I’ve combed the beaches from Blind Pass Captiva to the east of Sanibel at the lighthouse. Mid island at Gulf Side City Park is still the best shelling I’ve found in the last few days. The shells in the photo above were only a few that Carol from PA pulled out of her shell bag to show me. Pretty nice finds, huh? The OLIVES have been gorgeous. Well… there’s the ALPHABET CONE, FLORIDA CONE, BANDED TULIPS, MUREXES, WHELKS and she had a few more of those sweet PAPER FIGS in her bag too.
There were still plenty of FIGHTING CONCHS (dead and alive) like I showed you the other day but what caught my eye was this beautiful BROAD PAPER COCKLE.
We have a few in our collection but some of them have chips in them so I’m always happy to find a pretty valve like this one!
While I was at the lighthouse beach finding WENTLETRAPS (I’ll show you those on my next post), I found a KEYHOLE LIMPET.
For me, finding shells is the cherry on top… but I also love to see all of the different kinds of BEACH BLING! And I’m not the only one… Dee pointed out this deep purple BRYOZOAN COLONY growing on the wire of a crab trap. Isn’t that so cool?
Most people walk right on by a mess of SEAWEED laying on the beach. Not me! I love to pick through it to see what is hiding in there.
I found SEA WHIPS and ATLANTIC WING OYSTERS in all this BEACH BLING. Here’s a little movie to show you how I found them… (click on the next image if the movie thingie doesnt show up)
So there are so many different things to check out on the beaches right now… BUT… unfortunately we have RED TIDE coming in as well. I didn’t feel any respiratory problems today (which I have in the past when it was bad) but I did see dead fish. Yuck! Since they just washed in, I didnt really smell any bad odors so I didn’t mind walking right past them- there’s too many other cool things to inspect! Lee County issued a beach advisory yesterday so if you think you might have problems… read HERE.
Merry Christmas, SS Marcia! In my last post, Marcia asked me if I had seen beach art yet. I had to laugh when the first thing I saw when I walked on the beach was this Christmas tree made with PEN SHELLS. Then right beside it was this beautiful menorah! This is the first that I’ve seen this season so thank you to the beach art artist who made these!
There was so much Beach Bling in between Donax Rd and Fulgur Rd on Sanibel.
This was one of several TULIP EGG CASES I saw…
I didn’t even see the second KEYHOLE LIMPET on the left when I took this photo. I was so amazed at the dark stripes on the big LIMPET and the colors on the tiny APPLE MUREX and BANDED TULIP.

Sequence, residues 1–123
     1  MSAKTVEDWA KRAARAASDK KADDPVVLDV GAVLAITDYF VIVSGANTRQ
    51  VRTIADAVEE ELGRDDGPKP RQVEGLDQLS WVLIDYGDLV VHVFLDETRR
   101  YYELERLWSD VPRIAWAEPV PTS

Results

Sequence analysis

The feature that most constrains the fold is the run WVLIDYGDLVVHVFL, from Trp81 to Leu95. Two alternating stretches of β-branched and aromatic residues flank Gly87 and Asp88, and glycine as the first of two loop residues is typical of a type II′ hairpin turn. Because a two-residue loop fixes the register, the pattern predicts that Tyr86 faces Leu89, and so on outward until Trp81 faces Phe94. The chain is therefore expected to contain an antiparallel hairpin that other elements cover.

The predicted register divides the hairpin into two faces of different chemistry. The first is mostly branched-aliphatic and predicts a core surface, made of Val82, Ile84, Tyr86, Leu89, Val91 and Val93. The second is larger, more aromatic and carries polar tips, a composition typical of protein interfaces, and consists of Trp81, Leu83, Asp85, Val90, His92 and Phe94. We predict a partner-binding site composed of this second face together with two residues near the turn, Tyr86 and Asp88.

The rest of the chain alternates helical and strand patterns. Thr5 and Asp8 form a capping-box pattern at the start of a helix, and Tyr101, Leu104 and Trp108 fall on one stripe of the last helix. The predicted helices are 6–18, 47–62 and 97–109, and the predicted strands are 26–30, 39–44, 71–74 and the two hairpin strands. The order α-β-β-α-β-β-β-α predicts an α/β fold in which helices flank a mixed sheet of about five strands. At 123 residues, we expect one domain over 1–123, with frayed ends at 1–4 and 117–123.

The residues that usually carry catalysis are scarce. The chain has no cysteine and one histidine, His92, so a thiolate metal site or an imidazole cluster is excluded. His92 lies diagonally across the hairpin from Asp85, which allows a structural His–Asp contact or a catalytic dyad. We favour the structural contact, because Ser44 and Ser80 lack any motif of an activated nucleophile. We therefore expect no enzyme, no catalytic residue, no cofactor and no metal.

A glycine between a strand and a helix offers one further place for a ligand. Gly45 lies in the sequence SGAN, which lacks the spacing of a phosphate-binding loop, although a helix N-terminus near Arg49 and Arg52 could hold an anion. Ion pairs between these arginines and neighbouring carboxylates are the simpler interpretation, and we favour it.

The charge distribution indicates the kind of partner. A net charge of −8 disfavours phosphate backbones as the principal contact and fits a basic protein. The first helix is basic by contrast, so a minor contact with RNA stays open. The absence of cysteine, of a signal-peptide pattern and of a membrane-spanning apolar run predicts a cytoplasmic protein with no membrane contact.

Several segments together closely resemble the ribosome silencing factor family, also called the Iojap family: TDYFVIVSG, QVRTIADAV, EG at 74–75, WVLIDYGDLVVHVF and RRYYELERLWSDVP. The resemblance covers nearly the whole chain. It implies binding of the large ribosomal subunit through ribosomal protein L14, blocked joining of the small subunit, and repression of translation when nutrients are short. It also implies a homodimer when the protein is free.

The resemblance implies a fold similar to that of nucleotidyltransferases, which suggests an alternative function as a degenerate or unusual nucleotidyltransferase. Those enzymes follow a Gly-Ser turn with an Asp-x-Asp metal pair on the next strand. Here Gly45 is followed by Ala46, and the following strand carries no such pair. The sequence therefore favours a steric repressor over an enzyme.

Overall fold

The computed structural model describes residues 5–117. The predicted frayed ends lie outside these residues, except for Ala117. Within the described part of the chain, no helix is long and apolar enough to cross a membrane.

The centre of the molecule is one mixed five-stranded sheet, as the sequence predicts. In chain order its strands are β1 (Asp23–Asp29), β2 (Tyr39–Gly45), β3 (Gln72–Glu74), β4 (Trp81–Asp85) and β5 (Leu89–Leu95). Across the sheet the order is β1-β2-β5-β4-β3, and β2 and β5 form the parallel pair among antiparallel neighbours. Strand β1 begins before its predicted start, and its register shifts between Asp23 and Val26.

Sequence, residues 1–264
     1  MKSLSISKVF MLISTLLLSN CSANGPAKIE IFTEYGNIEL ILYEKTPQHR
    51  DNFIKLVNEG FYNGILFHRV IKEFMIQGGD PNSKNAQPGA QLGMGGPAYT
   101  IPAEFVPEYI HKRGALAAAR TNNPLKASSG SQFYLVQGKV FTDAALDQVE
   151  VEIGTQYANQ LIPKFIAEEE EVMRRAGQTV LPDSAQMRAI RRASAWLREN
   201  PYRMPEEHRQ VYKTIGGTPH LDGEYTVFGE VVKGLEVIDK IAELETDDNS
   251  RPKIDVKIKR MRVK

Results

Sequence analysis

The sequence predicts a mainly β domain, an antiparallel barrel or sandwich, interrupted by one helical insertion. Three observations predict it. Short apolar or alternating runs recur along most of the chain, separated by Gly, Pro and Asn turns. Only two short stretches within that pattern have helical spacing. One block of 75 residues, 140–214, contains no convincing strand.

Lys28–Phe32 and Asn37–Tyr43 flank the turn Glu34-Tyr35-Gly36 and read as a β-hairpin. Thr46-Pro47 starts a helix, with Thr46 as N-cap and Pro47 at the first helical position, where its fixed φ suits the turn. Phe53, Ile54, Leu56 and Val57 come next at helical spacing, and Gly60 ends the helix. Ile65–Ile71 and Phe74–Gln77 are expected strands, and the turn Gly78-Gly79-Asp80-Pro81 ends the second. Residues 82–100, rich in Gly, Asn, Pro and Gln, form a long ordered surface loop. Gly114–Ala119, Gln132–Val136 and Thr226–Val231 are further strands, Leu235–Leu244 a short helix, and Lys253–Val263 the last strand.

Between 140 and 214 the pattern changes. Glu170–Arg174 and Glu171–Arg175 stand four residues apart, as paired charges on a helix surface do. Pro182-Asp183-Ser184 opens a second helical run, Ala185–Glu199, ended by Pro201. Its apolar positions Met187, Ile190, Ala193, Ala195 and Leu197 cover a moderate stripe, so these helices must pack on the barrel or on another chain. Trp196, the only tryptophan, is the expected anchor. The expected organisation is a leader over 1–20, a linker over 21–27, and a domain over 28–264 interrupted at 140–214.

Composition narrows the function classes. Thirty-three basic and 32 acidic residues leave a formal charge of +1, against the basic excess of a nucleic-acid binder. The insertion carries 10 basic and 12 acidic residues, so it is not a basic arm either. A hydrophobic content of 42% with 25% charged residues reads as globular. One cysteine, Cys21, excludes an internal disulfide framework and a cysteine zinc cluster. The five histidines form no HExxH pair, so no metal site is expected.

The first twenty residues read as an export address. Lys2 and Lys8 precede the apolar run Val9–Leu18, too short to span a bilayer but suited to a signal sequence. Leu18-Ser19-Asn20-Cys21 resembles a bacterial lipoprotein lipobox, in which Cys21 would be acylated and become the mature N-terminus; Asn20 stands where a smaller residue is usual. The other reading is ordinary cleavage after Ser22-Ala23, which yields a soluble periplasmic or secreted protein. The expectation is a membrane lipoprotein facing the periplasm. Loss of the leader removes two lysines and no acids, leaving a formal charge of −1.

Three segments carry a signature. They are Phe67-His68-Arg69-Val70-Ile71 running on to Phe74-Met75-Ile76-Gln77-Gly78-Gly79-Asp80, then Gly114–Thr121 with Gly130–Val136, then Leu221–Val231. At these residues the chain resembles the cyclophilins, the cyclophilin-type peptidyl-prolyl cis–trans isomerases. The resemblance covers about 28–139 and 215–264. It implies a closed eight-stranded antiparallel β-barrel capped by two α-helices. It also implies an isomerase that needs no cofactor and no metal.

In one little area, the high tide was bringing in shells to build up this nice pile. See that gorgeous LIGHTNING WHELK?
Maybe the golden rays of this Sanibel sunset shining on the amber edges of the ROUGH PENS will inspire the richly talented artists who create their beach art masterpieces for we mere beachcombers to fill our hearts with joy for the holidays. Ahem…. did I ask that nicely enough for more fun holiday beach art stuff? ;)
The other day, shelling sistah Tricia G asked me if I’ve ever found a MARGINELLA on Sanibel since I don’t have one listed on the SEASHELL IDENTIFICATION page. I’ve found them before but, come to think about it, I sure haven’t found one in a long time. So last night, we headed for the lighthouse because I was on the hunt for that sneaky MARGINELLA. To double my chances, I reminded Super Sheller Clark that I wanted to find one to add to the I.D. page so I told him to be on the lookout too.
Yippee! I found one!….. er…..well…. Clark found it. He was scooping at the surf line when all the sudden I hear him laugh. “Look what I found”.
Marginellas and a broken dove
Then he found another one! And then yes, I found that little one on the right. Whew- I wasn’t completely out-shelled. Keep in mind, the biggest one is just shy of 1/2 inch and they sort of look like a BUBBLE if the aperture side is down so they aren’t easy to find. I found the broken one on the left too so I added it to the photo since I thought it was the same shell.